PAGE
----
A. I played a policeman in that movie and it was a blockbuster hit. While shooting Shola Aur Shabnam, one of my co-actors shared that it was his 25th film as a policeman and he is not getting any other roles. After hearing this, I became very upset and decided not to pick up any such roles. Basically, I wanted to explore my talent as an actor through different characters. After that, I was offered multiple films but all were for police characters. I said no to all. In fact, people had started to assume that I am an arrogant person. As a result of my decision, I had nothing in my hand till two years. One day I got a very strong character for a serial named Parivartan [1992]. After a long discussion with my wife I decided to sign this serial to showcase my versatility. A month later, it got hugely popular, and I got Bandit Queen, Prem Granth, Virasat, Godmother, Lawaris, Kacche Dhaage and few good serials.

Q. Do you think Bollywood actors approach negative roles differently today, as compared to when you started out?

A. Nowadays, heroes are doing negative roles. Earlier, people used to get scared of villains and sometimes films would begin by focusing on the shoes, the walk and the dialogues of the villains. But now such roles have become more realistic in form.

Q. You have acted in highly popular TV serials, like Aashirwad, a show from 1998. That was the time when satellite television had only started to pick up. How do you think the television industry has changed over time?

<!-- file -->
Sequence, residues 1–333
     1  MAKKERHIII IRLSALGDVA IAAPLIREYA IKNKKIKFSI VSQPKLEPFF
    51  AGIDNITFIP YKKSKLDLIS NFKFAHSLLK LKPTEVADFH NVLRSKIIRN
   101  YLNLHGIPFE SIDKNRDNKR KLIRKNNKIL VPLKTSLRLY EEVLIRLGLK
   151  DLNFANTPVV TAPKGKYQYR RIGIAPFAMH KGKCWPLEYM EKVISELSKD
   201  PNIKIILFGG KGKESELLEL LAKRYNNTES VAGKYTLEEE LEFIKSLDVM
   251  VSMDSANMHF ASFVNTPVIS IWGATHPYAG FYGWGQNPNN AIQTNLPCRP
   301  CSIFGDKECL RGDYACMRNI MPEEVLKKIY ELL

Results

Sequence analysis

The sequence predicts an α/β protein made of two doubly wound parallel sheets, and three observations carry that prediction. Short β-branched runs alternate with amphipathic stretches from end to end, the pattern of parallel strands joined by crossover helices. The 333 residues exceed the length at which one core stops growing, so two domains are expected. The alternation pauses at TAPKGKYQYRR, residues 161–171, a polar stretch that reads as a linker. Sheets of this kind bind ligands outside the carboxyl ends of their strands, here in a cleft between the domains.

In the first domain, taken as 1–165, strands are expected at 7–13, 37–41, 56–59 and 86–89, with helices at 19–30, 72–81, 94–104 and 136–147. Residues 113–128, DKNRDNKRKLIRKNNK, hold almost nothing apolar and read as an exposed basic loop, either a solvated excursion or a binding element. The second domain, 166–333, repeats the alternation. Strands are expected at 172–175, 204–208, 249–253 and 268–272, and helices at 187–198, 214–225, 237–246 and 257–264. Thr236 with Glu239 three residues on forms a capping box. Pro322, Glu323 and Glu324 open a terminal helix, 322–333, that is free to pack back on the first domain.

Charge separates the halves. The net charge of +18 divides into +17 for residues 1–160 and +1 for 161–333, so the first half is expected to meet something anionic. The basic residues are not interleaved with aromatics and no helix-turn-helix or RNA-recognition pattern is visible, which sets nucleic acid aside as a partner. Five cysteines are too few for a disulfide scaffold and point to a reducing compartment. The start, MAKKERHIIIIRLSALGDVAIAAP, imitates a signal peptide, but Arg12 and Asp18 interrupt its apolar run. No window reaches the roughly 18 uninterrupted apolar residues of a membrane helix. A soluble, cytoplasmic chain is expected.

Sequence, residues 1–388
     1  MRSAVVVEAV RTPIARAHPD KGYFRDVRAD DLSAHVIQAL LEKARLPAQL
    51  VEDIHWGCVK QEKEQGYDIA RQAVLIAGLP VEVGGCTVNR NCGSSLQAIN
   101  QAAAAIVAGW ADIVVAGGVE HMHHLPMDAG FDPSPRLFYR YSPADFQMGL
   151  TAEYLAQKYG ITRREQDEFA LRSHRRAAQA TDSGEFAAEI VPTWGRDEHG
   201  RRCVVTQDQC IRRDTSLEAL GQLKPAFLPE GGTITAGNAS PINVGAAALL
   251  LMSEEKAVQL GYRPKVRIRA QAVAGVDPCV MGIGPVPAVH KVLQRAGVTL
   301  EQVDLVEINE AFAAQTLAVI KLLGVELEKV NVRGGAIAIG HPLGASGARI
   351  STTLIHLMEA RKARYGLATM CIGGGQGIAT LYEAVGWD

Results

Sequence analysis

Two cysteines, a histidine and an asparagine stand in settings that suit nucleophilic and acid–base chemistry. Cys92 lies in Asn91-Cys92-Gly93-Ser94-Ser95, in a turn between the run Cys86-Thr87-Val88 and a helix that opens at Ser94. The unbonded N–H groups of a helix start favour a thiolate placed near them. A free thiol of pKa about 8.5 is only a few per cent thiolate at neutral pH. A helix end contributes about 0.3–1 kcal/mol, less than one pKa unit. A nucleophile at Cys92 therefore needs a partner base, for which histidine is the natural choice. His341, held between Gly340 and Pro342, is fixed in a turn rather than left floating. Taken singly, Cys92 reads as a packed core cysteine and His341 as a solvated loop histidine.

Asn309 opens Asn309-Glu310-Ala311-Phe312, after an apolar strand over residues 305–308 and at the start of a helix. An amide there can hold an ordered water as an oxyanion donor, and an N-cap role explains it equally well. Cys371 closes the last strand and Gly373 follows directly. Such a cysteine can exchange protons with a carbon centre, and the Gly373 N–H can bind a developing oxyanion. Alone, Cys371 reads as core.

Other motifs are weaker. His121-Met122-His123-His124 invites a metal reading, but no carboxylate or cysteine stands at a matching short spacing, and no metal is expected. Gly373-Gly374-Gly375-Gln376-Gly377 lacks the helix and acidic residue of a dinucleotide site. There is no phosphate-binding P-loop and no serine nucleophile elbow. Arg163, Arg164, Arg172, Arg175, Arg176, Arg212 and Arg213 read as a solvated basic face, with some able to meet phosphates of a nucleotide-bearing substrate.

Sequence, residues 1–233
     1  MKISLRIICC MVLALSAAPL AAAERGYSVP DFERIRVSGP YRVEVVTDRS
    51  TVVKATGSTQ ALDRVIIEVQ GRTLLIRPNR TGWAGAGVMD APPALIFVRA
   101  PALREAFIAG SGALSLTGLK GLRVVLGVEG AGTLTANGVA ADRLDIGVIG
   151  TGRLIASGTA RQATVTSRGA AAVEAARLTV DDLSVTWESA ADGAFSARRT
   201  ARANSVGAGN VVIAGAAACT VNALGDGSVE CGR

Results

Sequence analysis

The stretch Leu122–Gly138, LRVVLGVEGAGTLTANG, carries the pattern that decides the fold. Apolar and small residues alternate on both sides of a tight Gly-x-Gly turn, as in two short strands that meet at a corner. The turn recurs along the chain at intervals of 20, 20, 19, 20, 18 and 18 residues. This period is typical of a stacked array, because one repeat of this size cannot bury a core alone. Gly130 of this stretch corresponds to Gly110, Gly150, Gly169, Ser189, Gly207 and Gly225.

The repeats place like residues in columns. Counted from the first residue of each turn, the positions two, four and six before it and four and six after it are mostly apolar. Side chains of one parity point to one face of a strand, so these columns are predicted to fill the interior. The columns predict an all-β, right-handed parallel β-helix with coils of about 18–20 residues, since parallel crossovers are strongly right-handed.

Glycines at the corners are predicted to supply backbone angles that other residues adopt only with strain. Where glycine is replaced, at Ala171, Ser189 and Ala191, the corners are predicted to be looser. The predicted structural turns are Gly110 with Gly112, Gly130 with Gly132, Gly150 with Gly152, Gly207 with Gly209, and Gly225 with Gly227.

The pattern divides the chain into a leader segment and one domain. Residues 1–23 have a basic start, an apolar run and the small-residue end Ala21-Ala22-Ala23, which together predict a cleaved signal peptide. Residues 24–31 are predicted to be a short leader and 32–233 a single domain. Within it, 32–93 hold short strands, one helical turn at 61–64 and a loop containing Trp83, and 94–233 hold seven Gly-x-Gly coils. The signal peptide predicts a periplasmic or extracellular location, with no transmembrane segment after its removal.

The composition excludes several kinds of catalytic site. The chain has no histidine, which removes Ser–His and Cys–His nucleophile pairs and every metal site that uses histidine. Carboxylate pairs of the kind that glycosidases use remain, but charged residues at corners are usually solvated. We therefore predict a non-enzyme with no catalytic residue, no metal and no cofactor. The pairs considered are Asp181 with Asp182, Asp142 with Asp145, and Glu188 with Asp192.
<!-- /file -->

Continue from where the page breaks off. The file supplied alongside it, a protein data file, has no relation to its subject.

A. Initially, TV serials had good realistic content to show, which we could relate to in our daily lives. We would always sit together to watch those. At that time, writers used to write from the heart, and most programmes were broadcast weekly. But daily soaps in our time are actually projecting a negative image of women in society. They are actually spoiling the concept of family.

Q. Tell us about your early influences and role models.

A. My role model is Dilip [Kumar] Sahab, and he is my teacher. I have learned a lot from him. His work in Mughal-e-Azam actually touched me a lot. No one can match his expression of voice, which comes from thoughtfulness.

Q. Can you elaborate on your acting method and the kind of preparation that you usually do for your roles?